Is there a policy, or a canonical thread on discussion policy, on syntax clarification questions?

This question on an obscure piece of Ruby regex syntax is the motivation for this question. It asks about what (?-mix:) around a regular expression means. This isn't a very common piece of syntax, and if you check the documentation, it can be a little hard to find since it's buried in the text in a section that uses a different syntax for the main example of setting options, /pat/i etc.

I think that this question is perfectly reasonable to ask, since while it's just a pretty basic piece of syntax and is documented, it can be hard to find that documentation unless you know what you're looking for.

The question was closed as a duplicate of a big FAQ type question; that is not a the same question, but is just a list of links to resources on various topics. In particular, to find the information on this feature in that answer, you would already have to know the name of this syntax, an inline modifier.

I find questions like this useful. Sometimes you just can't figure out what a particular piece of syntax means, and just need a pointer to the right place in the documentation. They are simple questions, but useful. I don't find a big FAQ-like wiki question helpful for this, and the documentation isn't the most clear, so this seems like exactly the kind of gap that StackOverflow is suited for filling in.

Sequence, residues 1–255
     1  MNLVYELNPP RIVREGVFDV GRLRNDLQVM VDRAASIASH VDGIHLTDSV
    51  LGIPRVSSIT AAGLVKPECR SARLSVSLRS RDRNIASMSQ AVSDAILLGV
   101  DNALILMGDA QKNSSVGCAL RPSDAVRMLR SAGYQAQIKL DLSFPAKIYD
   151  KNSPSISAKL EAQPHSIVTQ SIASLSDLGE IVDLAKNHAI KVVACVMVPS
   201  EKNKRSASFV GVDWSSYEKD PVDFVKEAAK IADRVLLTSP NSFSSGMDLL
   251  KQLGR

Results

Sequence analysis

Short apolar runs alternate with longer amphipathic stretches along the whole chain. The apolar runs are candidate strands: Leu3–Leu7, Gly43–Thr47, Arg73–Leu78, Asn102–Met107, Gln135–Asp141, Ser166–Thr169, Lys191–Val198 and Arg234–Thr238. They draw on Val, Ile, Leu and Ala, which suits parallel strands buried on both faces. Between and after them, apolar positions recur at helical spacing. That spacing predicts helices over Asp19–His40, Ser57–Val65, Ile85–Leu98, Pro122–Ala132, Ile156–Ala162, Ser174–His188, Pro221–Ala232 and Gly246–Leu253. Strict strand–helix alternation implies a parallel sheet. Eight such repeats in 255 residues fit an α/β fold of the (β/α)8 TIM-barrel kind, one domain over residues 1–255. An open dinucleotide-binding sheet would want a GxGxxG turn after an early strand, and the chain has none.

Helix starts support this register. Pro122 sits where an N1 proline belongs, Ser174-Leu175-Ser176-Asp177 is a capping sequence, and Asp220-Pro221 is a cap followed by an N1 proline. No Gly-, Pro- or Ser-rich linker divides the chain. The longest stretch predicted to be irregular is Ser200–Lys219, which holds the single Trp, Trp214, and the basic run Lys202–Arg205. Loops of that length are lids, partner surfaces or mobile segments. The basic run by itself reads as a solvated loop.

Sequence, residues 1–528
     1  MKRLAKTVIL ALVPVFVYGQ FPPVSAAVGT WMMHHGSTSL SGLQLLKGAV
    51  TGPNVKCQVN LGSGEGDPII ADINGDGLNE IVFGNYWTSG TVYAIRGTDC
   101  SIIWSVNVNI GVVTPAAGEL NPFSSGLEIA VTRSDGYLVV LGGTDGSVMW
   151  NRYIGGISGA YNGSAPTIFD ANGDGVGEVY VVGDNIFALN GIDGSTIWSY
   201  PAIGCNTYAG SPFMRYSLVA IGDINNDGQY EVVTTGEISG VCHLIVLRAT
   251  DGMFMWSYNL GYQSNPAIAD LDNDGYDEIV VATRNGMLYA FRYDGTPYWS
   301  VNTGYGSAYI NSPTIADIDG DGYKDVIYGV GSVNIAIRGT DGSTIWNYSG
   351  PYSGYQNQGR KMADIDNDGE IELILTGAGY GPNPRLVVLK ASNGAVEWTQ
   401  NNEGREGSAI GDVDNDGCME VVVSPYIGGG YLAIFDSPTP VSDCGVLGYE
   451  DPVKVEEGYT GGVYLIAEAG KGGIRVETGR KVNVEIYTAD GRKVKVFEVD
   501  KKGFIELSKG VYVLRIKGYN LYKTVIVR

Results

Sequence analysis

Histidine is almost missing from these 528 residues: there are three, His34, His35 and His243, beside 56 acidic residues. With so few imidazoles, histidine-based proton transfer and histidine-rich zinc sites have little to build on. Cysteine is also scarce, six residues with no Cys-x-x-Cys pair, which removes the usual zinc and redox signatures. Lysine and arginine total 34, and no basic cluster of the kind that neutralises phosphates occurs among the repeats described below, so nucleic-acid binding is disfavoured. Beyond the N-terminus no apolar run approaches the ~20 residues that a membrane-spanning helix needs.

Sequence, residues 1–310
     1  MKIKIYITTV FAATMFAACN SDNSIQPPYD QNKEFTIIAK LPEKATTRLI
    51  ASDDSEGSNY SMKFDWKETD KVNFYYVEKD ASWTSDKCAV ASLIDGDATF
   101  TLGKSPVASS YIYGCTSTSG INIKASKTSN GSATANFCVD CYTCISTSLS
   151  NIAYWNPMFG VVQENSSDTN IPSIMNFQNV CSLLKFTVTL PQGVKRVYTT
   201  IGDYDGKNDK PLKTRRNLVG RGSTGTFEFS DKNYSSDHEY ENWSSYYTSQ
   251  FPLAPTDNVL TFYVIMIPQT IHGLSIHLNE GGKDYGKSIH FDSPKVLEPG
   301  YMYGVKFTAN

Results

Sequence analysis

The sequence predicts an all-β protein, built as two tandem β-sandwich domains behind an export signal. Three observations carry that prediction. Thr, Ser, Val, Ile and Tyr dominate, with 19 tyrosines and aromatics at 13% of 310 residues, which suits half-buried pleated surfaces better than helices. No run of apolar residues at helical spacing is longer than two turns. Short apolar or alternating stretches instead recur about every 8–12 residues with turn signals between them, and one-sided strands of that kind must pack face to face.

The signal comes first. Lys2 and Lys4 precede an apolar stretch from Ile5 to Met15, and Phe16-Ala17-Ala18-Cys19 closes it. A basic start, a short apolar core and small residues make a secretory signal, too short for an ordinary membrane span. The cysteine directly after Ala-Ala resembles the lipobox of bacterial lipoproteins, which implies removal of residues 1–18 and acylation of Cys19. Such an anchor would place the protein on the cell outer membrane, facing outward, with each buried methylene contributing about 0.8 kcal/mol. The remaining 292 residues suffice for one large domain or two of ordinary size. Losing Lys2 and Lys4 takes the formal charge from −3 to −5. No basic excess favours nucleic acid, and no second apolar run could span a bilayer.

Another user disagreed, closed the question as a duplicate, and we had a discussion that got a little long for the comments, and I couldn't find a good existing discussion of this, so I decided to move the discussion here.

Is there any kind of existing policy or existing discussion that can help resolve this?

  • 2
    You mean it should be duplicate of stackoverflow.com/questions/28630936/…? (first link on bing.com/search?q=ruby+regex+mix)... I'd downvote question if I actually know/visit Ruby tag. Commented Dec 1, 2015 at 16:37
  • 2
    If the answer to question B isn't immediately obvious from reading question A, then A and B aren't duplicates. It really is as simple as that. This wasn't a particularly helpful closure, and it's good the question was quickly re-opened.
    – yannis
    Commented Dec 1, 2015 at 16:38
  • 1
    @AlexeiLevenkov There we go! That's the question it should be marked duplicate of. Commented Dec 1, 2015 at 16:38
  • @AlexeiLevenkov Why downvote? The question is perfectly fine. It is a duplicate, but duplicates happen, just marking to close as a duplicate seems perfectly fine, no need to also downvote. Commented Dec 1, 2015 at 16:41
  • @BrianCampbell reason for downvote - I know nothing about Ruby and it took me 3 seconds to find something very close to duplicate - if that is not indication of "does not show any research" I don't know what should. But "ruby" is not tag I ever visit so it may have different bar for search efforts. Commented Dec 1, 2015 at 16:47
  • @AlexeiLevenkov That's fair. Different than my personal threshold for a downvote, but I can see your reasoning. Thanks! Commented Dec 1, 2015 at 16:51
  • I wonder if the new docs feature will be able to address this.
    – ryanyuyu
    Commented Dec 1, 2015 at 17:51


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